Polly Gillespie and husband Grant Kereama were longtime breakfast radio hosts on ZM and this week helped launch a new station, The Hits. The couple have been together for 29 years and have three children aged 15 and over.

1. What is the best, and worst, of working with your husband?

Best is we share our lives, woes, goals, triumphs, and hours, while at home having different interests. We get to hang out in the afternoon and watch our favourite TV shows. It's like having your best friend around all the time. The worst is I would be lost without him, and do feel like I'm missing my brain when he's not around for a few hours! Do we get sick of each other? God, no, I don't think so. I'm actually much more laid back than I appear and we just like the same things.

2. Why do you think women relate to you?

I really like other people and their stories. I'm interested in hearing about other people's lives. I find other people and their journeys way more interesting than mine. I love men, but I adore women. I don't understand women who don't like other women. Women are gorgeous.


3. You've talked about being bullied as a teen, and bullied as an adult. How's your self-esteem now?

What woman doesn't fluctuate with self-esteem? A fibbing one. Blimey - all around us are perfect size 10s in magazines, movies, online. I go to Hollywood and interview tiny perfect people. Everyone has issues right? It's not my job to be beautiful. It's my job to be content and do what I do well. I don't read what other people say about me, and I try not to be too self-absorbed. If I'm being of some service to other people, including my family, then I'm not thinking about myself. It's better that way. It's actually not all about me apparently!

4. You say it's not your job to be beautiful, but you put a lot of work into your appearance. How does that work?

I think it would be really inauthentic to pretend that any of us doesn't worry about how we look. There must be loads of women who don't worry about their weight and the way they look but I don't know any of them. I did really well on the Dukan diet a while ago and lost about 18kg but I got really sick of eggs and chicken and now I've put it all back on. Exactly the amount I lost. Other people do craft or scrapbooking. I diet. On my tombstone it will say 'She Dieted'. I started the paleo diet today.

5. Your marriage has survived very public ups and downs. How has it endured?

That's the "ever after"! The truth is that all long-term relationships have ups and downs, despite Hollywood trying to convince us otherwise. The end of the fairytale isn't riding off into the sunset, that's where it begins. It's an adventure.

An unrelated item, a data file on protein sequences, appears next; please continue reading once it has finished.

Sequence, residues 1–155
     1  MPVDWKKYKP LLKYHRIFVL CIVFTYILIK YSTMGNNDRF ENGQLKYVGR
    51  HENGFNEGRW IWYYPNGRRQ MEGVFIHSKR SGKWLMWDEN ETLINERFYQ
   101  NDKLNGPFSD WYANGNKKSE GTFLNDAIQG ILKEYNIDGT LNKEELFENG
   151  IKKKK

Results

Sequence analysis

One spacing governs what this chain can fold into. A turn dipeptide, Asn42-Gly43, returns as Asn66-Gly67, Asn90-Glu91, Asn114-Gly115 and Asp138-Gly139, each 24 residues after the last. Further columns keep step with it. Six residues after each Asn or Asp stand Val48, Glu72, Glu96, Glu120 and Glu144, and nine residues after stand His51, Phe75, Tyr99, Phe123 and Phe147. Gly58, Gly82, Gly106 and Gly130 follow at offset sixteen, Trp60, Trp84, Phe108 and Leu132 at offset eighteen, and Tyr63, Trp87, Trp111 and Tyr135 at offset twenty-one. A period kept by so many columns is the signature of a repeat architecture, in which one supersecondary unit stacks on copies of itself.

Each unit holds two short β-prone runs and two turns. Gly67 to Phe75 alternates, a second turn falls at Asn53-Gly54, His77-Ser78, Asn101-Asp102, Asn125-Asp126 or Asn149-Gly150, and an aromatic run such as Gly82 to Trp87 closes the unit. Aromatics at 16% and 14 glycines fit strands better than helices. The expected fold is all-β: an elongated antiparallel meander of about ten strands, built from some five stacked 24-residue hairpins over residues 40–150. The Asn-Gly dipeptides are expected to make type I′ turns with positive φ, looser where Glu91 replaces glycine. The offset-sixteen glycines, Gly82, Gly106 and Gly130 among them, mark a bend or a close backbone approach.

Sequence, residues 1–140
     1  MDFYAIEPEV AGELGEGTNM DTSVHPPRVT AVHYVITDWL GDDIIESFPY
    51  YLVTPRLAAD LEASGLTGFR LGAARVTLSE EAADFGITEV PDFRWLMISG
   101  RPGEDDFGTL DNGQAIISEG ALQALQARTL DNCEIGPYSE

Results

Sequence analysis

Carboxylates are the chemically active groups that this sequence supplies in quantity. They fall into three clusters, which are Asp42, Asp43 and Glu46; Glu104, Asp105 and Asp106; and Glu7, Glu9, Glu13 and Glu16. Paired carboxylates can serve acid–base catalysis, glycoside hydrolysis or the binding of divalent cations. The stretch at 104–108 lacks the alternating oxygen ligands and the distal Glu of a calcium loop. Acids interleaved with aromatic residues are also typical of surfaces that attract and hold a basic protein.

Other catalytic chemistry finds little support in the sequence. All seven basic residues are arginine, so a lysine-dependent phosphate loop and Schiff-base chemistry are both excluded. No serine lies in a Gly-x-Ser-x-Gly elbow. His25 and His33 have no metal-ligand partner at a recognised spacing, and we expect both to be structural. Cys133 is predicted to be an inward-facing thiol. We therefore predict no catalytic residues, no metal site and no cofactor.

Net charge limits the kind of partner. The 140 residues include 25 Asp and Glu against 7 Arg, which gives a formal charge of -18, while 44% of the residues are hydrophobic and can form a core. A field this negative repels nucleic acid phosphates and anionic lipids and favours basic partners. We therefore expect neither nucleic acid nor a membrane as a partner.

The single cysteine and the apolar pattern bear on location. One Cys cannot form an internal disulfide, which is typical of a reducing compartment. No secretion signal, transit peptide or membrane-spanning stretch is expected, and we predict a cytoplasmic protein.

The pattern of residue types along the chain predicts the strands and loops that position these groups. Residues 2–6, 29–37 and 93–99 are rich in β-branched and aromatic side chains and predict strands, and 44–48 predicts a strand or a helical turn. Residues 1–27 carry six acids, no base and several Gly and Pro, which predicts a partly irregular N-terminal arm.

6. How would you describe your childhood?

I grew up in Papatoetoe then Burwood in Christchurch, and Central Hamilton. I had a great Dad, great Mum, one sister who had a genius IQ that made my life awesome and quirky. It was a humble life, not a lot of stuff but warm and wonderful family and extended family. Very boring good solid values and making do on a tight budget. Mum sewed all our clothes, and for a treat on Friday nights we'd get a packet of Pebbles.


7. You live in Wellington now: what's the real difference between Aucklanders and Wellingtonians?

The biggest difference is the Kathmandu puffer jacket. That's how you know a girl's in Auckland or Wellington in November. Auckland girls will wear a singlet top, shorts and Haviana jandals. Wellington girls wear a singlet top, shorts, Haviana jandals and a puffer jacket.

8. There have been lots of rumours about you having plastic surgery: What about that makes you angriest?

None of it makes me angry. I don't see any of it. It's only when people get angry "for" me that I even know about it, and then I'm like "Don't worry about it!" It's not the real stuff, it's just petty. You might get 300 people, 299 of whom will say you're great and one will say "I hate you, you've got Botox". The way I live now, I honestly don't give a shit. I do love this quote from Erin Gloria Ryan too: "You may not agree with a woman, but to criticise her appearance - as opposed to her ideas or actions - isn't doing anyone any favours, least of all you. Insulting a woman's looks when they have nothing to do with the issue at hand implies a lack of comprehension on your part, an inability to engage in high-level thinking. You may think she's ugly, but everyone else thinks you're an idiot."

9. Have you had plastic surgery?

Yeah. I had a head transplant. I used to have a different head. What I should have had was a body transplant.


10. When have you been at your lowest, and how did you survive?

The saddest times for me have been through the death of someone I've loved. We lost our first baby, a little boy, with a very late miscarriage and that was unbelievably sad. I wanted to die of grief. I just threw myself into walking, looking after my body, going to a naturopath and looking forward. My sister Jeanette died from complications of the flu when she was 41 and that was incredible sadness. She was a runner, a vegetarian, doing a doctorate at Waikato university. She caught the flu and died five days later. It was the most horrendous thing - you bleed out of your orifices, your eyes and ears, your hands go black. Everyone must get that influenza vaccine.

11. When and where are you at your happiest?

Gee that's tough because I have great moments of happiness in my life all the time, also great moments of profound sadness. The happiest have been with all our three kids present. I think I'm happiest when I'm on holiday and making some amazing dinner for my family. When I'm working from 4am I'm grumpy mummy. When I'm on hols I'm 'Happy Cooking Mummy'.

12. If you could change one thing about New Zealand, what would it be?

I'd make internet bullying illegal and punishable by flogging and/or prison.


This article has been amended to show Jeanette Gillespie's age as 41, not 38.